Unstructured data a common hurdle to achieving guidelines
Healthcare organizations are increasingly looking for solutions to transform paper-based processes into more effi cient electronic workfl ows.
By Dennis Amorosano T
he healthcare industry watched with great inter- est earlier this year as the Department of Health and Human Services announced its new Stage 2 guidelines, addressing the requirements for mean-
ingful use of certifi ed electronic health record (EHR) systems
Of the 1.2 billion clinical documents produced in the United States each year, approximately 60 percent contain valuable information trapped in unstructured documents that are unavailable for clinical use, quality measurement and data mining.
that enable health organizations to qualify for Medicaid and Medicare incentive payments. With the goal of improving pa- tient outcomes, meaningful-use guidelines largely address the integration of structured and unstructured data into EHRs. So what exactly is unstructured data? Industry analyst
fi rm Gartner Inc. defi nes it as “information not housed in a database or fi le system as discrete data.” In the healthcare industry, this data generally refers to hard-copy documents, such as test results, referrals, reports, medical images, patient charts, insurance documentation, orders and medication logs. Indeed, unstructured data is a rich source of information for care delivery, decision support and research.
28 June 2012
And while the goal for many healthcare organizations is to ultimately convert to an entirely electronic system, the current reality is that paper-based, document-intensive pro- cesses will continue to persist for specifi c healthcare activities, creating massive amounts of unstructured data for health- care organizations of all sizes. From informed consent and advanced directives to scheduling, prescription information and discharge instructions, unstructured data runs rampant in most healthcare organizations, despite their best efforts to implement EHR systems.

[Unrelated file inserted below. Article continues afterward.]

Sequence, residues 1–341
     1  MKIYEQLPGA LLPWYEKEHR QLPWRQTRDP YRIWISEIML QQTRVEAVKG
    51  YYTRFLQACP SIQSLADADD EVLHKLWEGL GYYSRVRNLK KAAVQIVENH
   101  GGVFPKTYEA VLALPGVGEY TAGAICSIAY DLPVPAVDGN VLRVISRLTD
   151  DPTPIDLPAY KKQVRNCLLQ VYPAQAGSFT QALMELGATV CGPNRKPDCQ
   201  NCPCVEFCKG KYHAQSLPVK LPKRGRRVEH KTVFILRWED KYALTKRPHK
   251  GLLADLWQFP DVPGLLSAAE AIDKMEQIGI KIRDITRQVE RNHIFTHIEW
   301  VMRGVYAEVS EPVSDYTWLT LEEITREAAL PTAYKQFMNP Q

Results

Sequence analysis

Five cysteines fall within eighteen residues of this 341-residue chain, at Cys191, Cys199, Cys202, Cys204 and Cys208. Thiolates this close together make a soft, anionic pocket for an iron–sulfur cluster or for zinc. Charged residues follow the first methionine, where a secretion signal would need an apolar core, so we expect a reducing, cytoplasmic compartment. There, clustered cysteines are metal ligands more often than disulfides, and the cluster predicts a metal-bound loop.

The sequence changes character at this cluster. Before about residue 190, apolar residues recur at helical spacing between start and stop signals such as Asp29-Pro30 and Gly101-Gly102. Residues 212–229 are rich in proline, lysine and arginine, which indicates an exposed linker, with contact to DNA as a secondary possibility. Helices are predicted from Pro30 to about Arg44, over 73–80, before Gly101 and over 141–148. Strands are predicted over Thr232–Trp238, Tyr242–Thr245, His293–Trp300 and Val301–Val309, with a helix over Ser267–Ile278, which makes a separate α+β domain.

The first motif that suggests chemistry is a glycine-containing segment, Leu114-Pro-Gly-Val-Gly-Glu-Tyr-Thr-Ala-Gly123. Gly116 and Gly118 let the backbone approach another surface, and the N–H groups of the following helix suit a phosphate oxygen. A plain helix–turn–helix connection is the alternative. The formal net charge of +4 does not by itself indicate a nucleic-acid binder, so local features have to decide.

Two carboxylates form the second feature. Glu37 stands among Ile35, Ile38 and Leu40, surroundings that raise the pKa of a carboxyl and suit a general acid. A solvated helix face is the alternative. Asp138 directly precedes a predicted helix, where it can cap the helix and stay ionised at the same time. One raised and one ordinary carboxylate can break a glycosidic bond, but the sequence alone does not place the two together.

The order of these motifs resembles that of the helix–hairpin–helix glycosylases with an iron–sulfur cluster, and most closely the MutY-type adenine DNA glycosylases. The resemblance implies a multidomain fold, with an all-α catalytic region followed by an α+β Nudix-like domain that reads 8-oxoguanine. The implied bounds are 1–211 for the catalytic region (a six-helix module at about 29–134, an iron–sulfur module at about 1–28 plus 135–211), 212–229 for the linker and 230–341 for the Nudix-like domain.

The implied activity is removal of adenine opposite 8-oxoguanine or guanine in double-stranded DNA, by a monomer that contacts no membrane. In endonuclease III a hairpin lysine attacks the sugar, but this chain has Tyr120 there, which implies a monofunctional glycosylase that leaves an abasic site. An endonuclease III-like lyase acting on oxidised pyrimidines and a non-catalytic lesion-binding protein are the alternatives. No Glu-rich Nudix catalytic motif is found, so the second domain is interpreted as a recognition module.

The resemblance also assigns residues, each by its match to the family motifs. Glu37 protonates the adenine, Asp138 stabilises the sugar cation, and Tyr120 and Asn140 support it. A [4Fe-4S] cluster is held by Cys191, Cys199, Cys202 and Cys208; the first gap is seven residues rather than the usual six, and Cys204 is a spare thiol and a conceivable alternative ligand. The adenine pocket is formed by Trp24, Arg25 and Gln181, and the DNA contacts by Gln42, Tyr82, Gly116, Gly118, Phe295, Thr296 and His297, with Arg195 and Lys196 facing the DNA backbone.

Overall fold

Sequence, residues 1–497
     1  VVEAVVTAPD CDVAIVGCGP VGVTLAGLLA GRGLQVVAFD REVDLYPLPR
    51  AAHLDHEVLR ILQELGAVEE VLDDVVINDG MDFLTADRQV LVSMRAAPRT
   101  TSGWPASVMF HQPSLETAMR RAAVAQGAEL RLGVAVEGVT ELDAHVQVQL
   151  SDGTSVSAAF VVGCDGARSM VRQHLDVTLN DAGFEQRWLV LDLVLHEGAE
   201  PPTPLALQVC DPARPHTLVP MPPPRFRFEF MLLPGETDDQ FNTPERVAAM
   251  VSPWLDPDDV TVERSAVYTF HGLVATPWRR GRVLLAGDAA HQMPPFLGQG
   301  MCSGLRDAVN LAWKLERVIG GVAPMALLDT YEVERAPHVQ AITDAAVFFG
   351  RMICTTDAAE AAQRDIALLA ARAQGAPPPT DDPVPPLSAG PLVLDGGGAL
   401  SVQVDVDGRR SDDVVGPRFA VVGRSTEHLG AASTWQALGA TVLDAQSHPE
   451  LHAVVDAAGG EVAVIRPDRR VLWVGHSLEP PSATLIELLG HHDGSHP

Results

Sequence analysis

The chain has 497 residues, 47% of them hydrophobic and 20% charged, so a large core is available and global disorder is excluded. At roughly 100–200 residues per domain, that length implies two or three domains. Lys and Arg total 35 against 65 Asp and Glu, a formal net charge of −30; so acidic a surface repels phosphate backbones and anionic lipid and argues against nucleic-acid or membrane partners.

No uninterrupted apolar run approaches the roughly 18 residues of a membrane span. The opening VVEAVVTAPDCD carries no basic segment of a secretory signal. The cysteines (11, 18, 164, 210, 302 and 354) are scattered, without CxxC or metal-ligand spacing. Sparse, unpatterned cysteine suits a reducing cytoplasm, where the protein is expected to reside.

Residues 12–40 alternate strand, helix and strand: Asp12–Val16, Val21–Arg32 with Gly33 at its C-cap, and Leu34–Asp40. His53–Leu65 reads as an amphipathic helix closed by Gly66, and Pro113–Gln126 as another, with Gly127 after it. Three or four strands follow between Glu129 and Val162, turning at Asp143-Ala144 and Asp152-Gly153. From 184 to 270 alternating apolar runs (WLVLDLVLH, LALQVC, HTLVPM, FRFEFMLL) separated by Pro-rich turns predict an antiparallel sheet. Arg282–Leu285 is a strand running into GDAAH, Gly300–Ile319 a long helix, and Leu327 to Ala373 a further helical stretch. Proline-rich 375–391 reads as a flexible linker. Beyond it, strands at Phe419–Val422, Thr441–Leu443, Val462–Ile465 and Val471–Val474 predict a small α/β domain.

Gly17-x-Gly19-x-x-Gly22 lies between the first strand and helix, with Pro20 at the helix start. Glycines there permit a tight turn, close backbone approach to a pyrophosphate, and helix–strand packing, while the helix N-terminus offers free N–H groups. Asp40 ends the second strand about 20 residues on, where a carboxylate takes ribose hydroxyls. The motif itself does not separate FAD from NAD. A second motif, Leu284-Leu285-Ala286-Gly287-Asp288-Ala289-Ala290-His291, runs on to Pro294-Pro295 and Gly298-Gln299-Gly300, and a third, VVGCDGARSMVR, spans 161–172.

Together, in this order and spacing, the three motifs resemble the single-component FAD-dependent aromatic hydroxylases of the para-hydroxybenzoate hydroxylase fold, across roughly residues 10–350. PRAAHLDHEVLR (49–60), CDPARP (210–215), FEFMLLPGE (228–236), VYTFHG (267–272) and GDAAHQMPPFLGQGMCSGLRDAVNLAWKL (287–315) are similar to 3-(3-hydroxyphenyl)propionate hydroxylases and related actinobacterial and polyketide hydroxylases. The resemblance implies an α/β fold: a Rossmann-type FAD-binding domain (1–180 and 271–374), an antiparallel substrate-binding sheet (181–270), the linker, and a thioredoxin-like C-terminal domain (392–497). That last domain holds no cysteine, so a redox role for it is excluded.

In fact, of the 1.2 billion clinical documents produced in the United States each year, approximately 60 percent contain valuable information trapped in unstructured documents that are unavailable for clinical use, quality measurement and data mining. These paper documents have until now been the natural byproduct of most hospital workfl ows, as healthcare is one of the most document- intensive industries.
In an effort to keep up with the growing trend toward HL7-compatible workfl ows and the Health Story Project (a nonprofi t organization involved in the development of international healthcare informatics interoperability standards) and demonstrate meaningful use, healthcare organizations are increasingly looking for solutions to transform paper-based processes into more efficient electronic workfl ows that will not force them to rebuild their documentation systems from the ground up. Most are seeking better ways to reduce expenses, digitize forms and comply with HIPAA and other regulations. As such, the use, retention, printing, copying, scanning and fi ling
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